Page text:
nonsense word fluency, and grade. Practitioners can have word identification fluency
almost all comparisons confidence that increases in can contribute importantly,
favored word identification word identification fluency beyond the simple collection
fluency over time reflect improved of fall screening data, to the
performance on important identification of students
end-of-year reading likely to experience difficulty
outcomes. in learning to read in the first
grade
Theories Teaching Reading Approaches
The processing fluency theory – the learner The learner must be exposed to activities
need to have an interaction between the wherein their learning is constantly
learner and the object that enhances their monitored. Their understanding and
learning. recollection of the concepts learned.

ARTICLE 3

Title of Study : Speaking Out for Language: Why Language is Central to Reading
Development?

Author(s) : David K. Dickinson, Roberta M. Golinkoff, and Kathy Hirsh-Pasek

Source : http://er.aera.net

Date of Publication : May, 2010

Insert Citation here : Dickinson, D.K., Golinkoff, R.M., and Hirsh-Pasek, K. 2010.
Speaking Out for Language: Why Language is Central to Reading
Development? Educational Researcher. Vol. 39 (4). Pp. 305–310.
DOI: 10.3102/0013189X10370204

Research Problem

In reading development, the role of language is often misplaced or overlooked. It is


important that the oral language is developed before later reading.
Research Findings Conclusions Recommendations

In an alphabetic language Language exerts pervasive The authors warn against the
children must identify the and indirect influences to use of more malleable code-
individual, meaningless reading. Unlike code-related based skills. It is
squiggles as letters, learn the skills that develop rapidly recommended based on the
letters and their associated during the years studied, article that teachers should
sounds, blend the individual language develops over an enhance the oral language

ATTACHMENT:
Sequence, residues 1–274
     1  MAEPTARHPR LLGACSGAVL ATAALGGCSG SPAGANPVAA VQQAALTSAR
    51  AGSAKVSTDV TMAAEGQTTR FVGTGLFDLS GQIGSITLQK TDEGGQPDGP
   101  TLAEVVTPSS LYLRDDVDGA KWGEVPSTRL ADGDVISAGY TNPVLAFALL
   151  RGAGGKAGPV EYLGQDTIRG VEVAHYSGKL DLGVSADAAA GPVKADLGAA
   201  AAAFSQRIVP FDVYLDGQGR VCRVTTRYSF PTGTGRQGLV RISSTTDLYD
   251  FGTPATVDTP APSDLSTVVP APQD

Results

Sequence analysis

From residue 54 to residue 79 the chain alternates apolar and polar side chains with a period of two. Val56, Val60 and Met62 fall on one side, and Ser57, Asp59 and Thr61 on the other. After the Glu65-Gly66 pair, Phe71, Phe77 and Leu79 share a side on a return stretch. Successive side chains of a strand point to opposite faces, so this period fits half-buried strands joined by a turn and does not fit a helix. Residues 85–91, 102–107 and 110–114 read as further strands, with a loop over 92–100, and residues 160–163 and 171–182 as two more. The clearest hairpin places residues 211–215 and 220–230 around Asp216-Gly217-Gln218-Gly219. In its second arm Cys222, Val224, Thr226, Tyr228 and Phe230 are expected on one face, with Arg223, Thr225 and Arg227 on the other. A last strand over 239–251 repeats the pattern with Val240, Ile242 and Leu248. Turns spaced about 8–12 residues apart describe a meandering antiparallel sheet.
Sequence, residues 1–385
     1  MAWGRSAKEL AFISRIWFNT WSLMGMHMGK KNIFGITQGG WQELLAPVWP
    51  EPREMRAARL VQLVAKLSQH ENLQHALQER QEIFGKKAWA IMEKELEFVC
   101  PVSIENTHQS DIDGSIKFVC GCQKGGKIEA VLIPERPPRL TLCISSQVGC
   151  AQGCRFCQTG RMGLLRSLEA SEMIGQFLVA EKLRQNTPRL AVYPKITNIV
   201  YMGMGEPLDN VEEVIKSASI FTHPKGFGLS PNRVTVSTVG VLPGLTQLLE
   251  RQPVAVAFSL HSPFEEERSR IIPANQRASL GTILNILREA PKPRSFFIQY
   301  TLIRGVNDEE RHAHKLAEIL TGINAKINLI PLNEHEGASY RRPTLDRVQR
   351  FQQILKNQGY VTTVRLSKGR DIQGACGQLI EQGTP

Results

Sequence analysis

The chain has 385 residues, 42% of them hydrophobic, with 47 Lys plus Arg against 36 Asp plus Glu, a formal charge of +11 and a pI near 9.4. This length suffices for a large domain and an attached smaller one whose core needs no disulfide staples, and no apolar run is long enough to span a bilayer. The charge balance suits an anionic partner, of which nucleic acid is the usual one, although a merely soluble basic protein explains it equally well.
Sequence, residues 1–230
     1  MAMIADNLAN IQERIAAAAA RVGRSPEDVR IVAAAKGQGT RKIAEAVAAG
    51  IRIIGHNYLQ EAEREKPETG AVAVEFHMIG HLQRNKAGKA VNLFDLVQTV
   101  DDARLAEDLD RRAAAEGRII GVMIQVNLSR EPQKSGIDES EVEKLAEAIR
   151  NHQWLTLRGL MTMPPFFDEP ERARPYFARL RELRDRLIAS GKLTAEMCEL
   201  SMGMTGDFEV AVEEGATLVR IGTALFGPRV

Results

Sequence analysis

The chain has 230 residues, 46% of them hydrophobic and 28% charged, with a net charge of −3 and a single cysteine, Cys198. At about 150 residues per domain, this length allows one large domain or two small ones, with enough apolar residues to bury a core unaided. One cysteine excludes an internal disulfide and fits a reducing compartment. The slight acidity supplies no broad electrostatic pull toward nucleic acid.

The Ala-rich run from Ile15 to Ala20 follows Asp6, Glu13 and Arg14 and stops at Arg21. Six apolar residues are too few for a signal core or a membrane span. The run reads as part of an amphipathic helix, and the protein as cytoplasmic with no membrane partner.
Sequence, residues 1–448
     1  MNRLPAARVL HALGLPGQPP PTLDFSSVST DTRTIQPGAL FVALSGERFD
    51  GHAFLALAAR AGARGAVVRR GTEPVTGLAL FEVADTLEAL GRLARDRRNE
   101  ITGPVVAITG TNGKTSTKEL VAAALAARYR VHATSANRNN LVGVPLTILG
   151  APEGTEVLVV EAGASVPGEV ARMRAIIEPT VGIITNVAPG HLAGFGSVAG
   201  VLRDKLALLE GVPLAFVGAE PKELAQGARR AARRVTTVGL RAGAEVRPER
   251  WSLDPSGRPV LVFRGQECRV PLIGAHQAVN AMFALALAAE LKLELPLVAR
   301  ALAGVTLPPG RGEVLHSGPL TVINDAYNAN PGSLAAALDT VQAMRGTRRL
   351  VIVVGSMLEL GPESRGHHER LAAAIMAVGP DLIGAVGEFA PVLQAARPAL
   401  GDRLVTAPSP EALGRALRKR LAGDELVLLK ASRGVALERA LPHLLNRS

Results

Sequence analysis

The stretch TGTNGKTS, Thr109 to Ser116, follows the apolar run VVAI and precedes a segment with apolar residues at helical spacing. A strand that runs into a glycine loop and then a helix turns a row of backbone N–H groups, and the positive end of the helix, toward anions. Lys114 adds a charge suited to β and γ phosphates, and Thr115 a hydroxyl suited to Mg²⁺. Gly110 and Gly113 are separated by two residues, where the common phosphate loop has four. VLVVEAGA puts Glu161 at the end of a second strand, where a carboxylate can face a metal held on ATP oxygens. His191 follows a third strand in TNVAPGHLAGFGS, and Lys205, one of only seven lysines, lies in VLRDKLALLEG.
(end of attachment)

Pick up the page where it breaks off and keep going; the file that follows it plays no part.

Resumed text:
sounds into words, and then extended time span; because development of a child in
access the meanings the it is relatively difficult to preparation for reading.
words encode. Children must devise interventions that
integrate the meanings of the dramatically alter children’s
individual words into larger language abilities.
units that describe actions
and events in the world.

Theories Teaching Reading Approaches

Schema Theory – the learners are exposed to The approach used in this article is reading
the different units of language as basis of and language learning. Learners are
learning that further enhances the reading introduced to the basic concepts of language
development of the students. and further enhanced through reading.
ARTICLE 4

Title of Study : The Development of Reading in Children Who Speak English as a


Second Language

Author(s) : Nonie K. Lesaux and Linda S. Siegel

Source : DOI: 10.1037/0012-1649.39.6.1005

Date of Publication : 2003

Insert Citation here : Lesaux, N. and Siegel, L. 2003. The Development of Reading in
Children Who Speak English as a Second Language.
Developmental Psychology. Vol. 39 (6). Pp. 1005–1019. DOI:
10.1037/0012-1649.39.6.1005

Research Problem

Patterns of reading development were examined in native English-speaking (L1) children and